America is a powerhouse and I mean that literally as well as figuratively. CNN Money reported Wednesday that Texas is set to become the world’s number three oil producer thanks to a boom in production:
Plunging drilling costs have sparked an explosion of production out of the Permian Basin of West Texas. In fact, Texas is pumping so much oil that it will surpass OPEC members Iran and Iraq next year, HSBC predicted in a recent report.
If it were a country, Texas would be the world’s No. 3 oil producer, behind only Russia and Saudi Arabia, the investment bank said.
“It’s remarkable. The Permian is nothing less than a blessing for the global economy,” said Bob McNally, president of Rapidan Energy Group, a consulting firm…
“The industry cracked the code on fracking,” said McNally.
Texas is producing so much oil that it will soon be bumping up against pipeline capacity. Some producers are already selling at a discount because of the limitations. Another problem is a shortage of labor, though that will likely be good news for the state and for people moving to Texas to find work.
The boom in Texas is one reason the U.S. is set to become the world’s number one oil producer. Last week, U.S. production reached an all-time high of 11 million barrels per day:
ANOTHER HISTORIC ENERGY MILESTONE: Daily US Oil Output Reached 11M Barrels Last Week for the First Time, Setting a New All-Time Production Record at 2X the Output of 5.5M bpd in 2010. @EnergyTomorrow Carpe Oleum #shalepic.twitter.com/AcH7xZgAXj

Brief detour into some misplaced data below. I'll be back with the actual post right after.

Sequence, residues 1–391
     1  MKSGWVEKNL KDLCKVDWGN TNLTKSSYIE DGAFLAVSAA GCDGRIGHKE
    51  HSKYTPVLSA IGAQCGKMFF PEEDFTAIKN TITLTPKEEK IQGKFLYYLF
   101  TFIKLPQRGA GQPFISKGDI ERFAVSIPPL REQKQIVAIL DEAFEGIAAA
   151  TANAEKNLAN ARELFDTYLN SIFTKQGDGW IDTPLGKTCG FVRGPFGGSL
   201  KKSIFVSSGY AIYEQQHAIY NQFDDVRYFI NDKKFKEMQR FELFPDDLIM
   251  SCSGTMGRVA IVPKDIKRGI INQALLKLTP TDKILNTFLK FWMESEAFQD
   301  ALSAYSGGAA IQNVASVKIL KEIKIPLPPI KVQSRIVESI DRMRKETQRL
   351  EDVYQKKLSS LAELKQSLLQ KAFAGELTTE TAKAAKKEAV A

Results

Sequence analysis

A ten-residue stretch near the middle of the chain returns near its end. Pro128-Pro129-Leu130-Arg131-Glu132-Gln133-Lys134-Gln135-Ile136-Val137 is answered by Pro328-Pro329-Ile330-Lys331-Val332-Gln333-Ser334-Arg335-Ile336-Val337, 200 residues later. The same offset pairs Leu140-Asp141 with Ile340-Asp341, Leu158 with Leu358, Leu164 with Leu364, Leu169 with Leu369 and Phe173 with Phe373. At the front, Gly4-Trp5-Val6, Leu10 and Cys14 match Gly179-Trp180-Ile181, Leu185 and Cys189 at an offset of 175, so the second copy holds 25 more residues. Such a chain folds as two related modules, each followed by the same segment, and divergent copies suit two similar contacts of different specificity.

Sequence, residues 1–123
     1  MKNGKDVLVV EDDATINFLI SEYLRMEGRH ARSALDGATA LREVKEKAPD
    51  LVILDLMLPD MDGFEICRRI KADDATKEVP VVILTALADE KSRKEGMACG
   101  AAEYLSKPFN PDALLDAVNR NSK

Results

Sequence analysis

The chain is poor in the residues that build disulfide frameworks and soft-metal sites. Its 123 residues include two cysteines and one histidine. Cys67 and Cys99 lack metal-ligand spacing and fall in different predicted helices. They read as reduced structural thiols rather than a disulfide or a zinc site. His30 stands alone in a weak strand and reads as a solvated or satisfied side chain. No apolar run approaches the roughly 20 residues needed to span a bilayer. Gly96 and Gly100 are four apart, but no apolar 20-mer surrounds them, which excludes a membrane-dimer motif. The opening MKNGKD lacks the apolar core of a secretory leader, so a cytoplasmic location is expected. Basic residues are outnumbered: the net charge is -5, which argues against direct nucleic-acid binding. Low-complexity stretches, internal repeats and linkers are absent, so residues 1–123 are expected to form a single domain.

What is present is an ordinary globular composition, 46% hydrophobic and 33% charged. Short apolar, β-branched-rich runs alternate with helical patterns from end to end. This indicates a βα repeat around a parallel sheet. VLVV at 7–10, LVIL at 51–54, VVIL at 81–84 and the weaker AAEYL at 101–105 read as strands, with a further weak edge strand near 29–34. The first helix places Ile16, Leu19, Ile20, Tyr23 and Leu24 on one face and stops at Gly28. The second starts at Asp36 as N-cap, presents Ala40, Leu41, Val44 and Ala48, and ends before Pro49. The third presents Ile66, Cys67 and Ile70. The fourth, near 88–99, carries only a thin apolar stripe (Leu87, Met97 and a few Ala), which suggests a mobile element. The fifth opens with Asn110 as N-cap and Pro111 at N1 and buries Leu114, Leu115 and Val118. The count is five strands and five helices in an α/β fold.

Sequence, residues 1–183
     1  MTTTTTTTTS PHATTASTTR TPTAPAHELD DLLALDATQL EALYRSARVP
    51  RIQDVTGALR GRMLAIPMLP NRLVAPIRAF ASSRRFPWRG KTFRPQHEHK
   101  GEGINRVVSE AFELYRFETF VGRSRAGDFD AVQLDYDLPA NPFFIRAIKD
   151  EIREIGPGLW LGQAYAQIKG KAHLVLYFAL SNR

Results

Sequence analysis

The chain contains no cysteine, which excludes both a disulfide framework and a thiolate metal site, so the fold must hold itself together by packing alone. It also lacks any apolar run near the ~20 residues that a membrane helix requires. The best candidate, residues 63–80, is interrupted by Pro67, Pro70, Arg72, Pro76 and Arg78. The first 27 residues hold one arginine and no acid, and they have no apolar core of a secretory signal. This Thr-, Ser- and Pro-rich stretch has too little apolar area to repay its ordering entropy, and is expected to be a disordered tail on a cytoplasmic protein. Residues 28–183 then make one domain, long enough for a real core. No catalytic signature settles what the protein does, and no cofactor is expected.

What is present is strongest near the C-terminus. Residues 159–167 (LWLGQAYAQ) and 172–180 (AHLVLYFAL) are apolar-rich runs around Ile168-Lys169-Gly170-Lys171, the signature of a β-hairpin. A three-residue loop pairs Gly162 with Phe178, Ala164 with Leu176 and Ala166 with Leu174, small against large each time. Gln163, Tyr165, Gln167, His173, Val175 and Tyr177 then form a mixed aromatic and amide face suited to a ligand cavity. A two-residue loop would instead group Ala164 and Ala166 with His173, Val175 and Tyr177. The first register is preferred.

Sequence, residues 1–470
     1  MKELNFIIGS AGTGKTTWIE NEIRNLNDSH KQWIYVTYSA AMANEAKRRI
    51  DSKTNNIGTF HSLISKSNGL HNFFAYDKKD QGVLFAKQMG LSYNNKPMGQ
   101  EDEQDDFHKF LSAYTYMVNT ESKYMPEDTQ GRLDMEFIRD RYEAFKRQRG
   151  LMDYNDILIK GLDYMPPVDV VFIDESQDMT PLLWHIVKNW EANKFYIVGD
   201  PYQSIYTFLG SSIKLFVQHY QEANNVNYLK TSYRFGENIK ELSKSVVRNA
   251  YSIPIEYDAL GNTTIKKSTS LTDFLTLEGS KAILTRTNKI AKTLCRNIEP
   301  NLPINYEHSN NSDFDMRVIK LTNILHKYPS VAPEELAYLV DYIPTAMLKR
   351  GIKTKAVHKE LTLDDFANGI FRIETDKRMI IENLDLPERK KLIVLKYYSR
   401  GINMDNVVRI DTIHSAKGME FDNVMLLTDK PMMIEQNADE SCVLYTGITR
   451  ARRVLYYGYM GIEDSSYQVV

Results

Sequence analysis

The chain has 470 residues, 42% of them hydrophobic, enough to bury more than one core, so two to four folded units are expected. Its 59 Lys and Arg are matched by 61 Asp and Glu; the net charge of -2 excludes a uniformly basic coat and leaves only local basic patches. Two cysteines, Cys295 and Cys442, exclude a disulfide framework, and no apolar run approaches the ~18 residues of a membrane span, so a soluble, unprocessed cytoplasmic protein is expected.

— Mark J. Perry (@Mark_J_Perry) July 18, 2018
Reuters reports that if these preliminary numbers are confirmed, the U.S. is currently the second largest producer in the world, just behind Russia:
U.S. crude oil production last week hit 11 million barrels per day (bpd) for the first time in the nation’s history, the Energy Department said on Wednesday, as the ongoing boom in shale production continues to drive output.
The gains represent a rapid increase in output, as the data, if confirmed by monthly figures, puts the United States as the second largest producer of crude oil, just behind Russia, which was producing 11.2 million bpd in early July, according to sources.
“Eleven million would have made us the biggest producer in the world; but actually Russian production in June was above 11 million. So, this is kind of like the space race,” said Sandy Fielden, director of research in commodities and energy at Morningstar.
But we won’t be behind Russia for much longer. The U.S. Energy Information Administration predicted last week that production would near 12 million barrels a day by next year:
EIA forecasts total U.S. crude oil production to average 10.8 million b/d in 2018, up 1.4 million b/d from 2017. In 2019, crude oil production is forecast to average 11.8 million b/d. If realized, the forecast for both years would surpass the previous record of 9.6 million b/d set in 1970. Crude oil production at these forecast levels would probably make the United States the world’s leading crude oil producer in both years.
Of course, gasoline prices are still up a bit thanks to problems in Venezuela and sanctions on Iran. But fracking has made the U.S. the world’s energy powerhouse and that should continue well into the 2020s. This is data the Trump administration should continue to cite as a sign America is resurgent.
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